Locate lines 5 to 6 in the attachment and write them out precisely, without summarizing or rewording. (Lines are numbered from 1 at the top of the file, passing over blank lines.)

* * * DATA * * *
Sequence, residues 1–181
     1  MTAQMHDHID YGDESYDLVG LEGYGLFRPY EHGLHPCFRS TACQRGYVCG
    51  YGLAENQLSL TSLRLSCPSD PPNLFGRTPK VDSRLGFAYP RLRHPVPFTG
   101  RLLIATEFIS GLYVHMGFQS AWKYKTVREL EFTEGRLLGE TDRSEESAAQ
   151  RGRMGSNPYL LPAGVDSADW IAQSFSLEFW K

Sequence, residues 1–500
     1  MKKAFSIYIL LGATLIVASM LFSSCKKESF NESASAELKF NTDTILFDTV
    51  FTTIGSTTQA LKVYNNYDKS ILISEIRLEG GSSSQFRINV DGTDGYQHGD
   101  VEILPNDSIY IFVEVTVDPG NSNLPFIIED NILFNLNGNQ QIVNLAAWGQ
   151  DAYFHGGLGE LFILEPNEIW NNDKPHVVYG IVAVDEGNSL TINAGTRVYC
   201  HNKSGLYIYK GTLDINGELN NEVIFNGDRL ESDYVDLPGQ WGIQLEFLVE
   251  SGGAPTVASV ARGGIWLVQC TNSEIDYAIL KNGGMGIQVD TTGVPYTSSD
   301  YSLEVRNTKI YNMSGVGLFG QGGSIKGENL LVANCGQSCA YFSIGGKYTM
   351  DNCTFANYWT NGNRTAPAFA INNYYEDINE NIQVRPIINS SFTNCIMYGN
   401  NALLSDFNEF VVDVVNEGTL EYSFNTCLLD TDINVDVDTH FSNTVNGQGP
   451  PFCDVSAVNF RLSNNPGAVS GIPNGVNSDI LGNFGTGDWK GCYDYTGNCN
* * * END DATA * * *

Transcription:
   151  RGRMGSNPYL LPAGVDSADW IAQSFSLEFW K

Sequence, residues 1–500